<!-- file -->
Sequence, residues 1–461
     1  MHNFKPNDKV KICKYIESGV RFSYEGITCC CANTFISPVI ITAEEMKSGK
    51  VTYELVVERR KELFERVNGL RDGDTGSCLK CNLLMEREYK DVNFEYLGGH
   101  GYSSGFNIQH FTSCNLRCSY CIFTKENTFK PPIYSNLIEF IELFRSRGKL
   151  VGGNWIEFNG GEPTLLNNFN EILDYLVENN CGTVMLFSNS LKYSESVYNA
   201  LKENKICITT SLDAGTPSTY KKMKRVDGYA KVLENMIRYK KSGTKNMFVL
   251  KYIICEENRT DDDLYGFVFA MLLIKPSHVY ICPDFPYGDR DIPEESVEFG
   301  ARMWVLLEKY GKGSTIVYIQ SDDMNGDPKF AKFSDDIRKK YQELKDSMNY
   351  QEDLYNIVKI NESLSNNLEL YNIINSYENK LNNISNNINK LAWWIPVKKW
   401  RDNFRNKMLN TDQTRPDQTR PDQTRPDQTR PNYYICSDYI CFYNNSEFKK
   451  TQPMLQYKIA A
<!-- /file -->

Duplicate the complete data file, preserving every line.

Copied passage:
Sequence, residues 1–461
     1  MHNFKPNDKV KICKYIESGV RFSYEGITCC CANTFISPVI ITAEEMKSGK
    51  VTYELVVERR KELFERVNGL RDGDTGSCLK CNLLMEREYK DVNFEYLGGH
   101  GYSSGFNIQH FTSCNLRCSY CIFTKENTFK PPIYSNLIEF IELFRSRGKL
   151  VGGNWIEFNG GEPTLLNNFN EILDYLVENN CGTVMLFSNS LKYSESVYNA
   201  LKENKICITT SLDAGTPSTY KKMKRVDGYA KVLENMIRYK KSGTKNMFVL
   251  KYIICEENRT DDDLYGFVFA MLLIKPSHVY ICPDFPYGDR DIPEESVEFG
   301  ARMWVLLEKY GKGSTIVYIQ SDDMNGDPKF AKFSDDIRKK YQELKDSMNY
   351  QEDLYNIVKI NESLSNNLEL YNIINSYENK LNNISNNINK LAWWIPVKKW
   401  RDNFRNKMLN TDQTRPDQTR PDQTRPDQTR PNYYICSDYI CFYNNSEFKK
   451  TQPMLQYKIA A